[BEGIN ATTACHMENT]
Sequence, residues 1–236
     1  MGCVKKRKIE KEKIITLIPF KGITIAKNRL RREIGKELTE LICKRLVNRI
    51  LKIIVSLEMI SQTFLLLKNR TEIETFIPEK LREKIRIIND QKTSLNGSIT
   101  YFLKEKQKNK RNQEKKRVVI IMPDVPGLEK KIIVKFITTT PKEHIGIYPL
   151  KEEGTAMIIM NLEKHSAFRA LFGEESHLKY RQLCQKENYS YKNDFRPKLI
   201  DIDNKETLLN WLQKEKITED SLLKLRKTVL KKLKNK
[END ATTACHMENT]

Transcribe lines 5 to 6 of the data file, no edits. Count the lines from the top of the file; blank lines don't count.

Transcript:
   151  KEEGTAMIIM NLEKHSAFRA LFGEESHLKY RQLCQKENYS YKNDFRPKLI
   201  DIDNKETLLN WLQKEKITED SLLKLRKTVL KKLKNK